Child Arrangement may be understood as custody, or now formally known as “Live With Arrangement,” and the general concern is the division of parental tasks. The most basic questions asked are:
The best case scenario is when parents can amicably agree on the arrangement. Primarily they should determine who will be the resident parent, or the one with whom the children will live with. This is important because the chosen resident parent is seen to be the one who will contribute the most in the rearing of the children. The other parent, who usually moves out of the family home, may be allowed to have contact with the children, on an agreed time, duration, manner, and location.
Some factors that weigh in on the choice of resident parent:
Parents who agree on an arrangement can prepare a Parenting Plan. This is a written document that will outline the agreed individual commitment or custodial responsibilities to be taken on by each parent. It can be drafted to be as concise or as comprehensive as desired, but what is necessary is for it to be understood by everyone involved, including the children, when they are of appropriate age or maturity.
Aside from living arrangements, the Parenting Plan may detail how to give support for the emotional well-being of the children as they adjust to the separation, as well as the practical aspects, like financial duties for the education, health, and hobbies of the children, the preferred mode and constancy of communication, and even the activities to be undertaken during school and holiday breaks.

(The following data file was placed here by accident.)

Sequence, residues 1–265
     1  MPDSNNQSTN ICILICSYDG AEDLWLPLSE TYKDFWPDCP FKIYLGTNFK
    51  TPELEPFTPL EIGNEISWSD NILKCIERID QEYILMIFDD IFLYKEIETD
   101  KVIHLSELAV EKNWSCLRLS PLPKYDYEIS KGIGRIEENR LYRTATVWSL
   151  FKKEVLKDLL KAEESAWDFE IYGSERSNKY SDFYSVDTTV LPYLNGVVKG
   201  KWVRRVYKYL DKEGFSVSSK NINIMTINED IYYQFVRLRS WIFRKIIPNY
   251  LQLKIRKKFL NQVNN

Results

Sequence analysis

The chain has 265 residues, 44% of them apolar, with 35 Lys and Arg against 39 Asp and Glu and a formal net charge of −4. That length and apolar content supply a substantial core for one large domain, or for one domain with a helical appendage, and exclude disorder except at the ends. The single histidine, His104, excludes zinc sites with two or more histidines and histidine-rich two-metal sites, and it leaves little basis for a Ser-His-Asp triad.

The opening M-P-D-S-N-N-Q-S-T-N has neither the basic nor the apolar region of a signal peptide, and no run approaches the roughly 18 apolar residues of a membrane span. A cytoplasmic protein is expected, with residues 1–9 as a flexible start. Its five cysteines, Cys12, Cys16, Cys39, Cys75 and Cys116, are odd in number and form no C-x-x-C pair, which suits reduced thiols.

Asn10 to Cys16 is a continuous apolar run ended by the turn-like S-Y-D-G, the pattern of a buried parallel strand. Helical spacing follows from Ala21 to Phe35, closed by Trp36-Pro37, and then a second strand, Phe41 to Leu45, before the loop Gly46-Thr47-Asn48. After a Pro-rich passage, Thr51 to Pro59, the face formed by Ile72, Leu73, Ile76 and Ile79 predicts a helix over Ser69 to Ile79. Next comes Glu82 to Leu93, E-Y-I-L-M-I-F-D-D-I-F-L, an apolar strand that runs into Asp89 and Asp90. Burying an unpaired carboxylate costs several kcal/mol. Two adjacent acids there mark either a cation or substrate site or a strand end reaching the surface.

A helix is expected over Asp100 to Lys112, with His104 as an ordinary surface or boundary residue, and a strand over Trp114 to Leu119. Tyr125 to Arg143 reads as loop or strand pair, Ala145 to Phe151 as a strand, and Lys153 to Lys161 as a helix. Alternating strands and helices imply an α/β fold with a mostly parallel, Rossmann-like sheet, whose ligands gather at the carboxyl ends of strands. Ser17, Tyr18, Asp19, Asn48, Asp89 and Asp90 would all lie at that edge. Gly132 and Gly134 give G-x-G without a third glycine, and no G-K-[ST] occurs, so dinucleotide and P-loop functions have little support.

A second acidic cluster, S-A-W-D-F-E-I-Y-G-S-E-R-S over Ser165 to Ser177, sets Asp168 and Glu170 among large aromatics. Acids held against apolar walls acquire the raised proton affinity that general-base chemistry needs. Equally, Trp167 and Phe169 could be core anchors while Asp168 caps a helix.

A Parenting Plan, however, is not legally binding. To be so, our lawyers can help you obtain a Child Arrangement Order (CAO), from the court. All the terms agreed on in the Parenting Plan must be submitted for the judge to review. A hearing will be conducted where, among others, the reason for a need to make the Parenting Plan legally binding will have to be explained.
When the parents can’t agree on a Child Arrangement, under the law, they are required to undergo mediation, first. The parents attend a preliminary Mediation Information and Assessment Meeting (MIAM) where an independent third party will determine if the case is suitable for mediation.
While some matters may be agreed upon by the parties regarding the preferred child arrangement, the mediator may still, in the end, find that mediation is not entirely successful. In such a case, the mediator will certify that an application for CAO may be initiated.
There is no fixed time frame for the issuance of a CAO. The application for preliminary court hearing may take up to eight weeks, while the CAFCASS can come up with its investigation reports in about 12 weeks. Considering all issues involved, it may take up to one year to obtain a final order.
How the court decides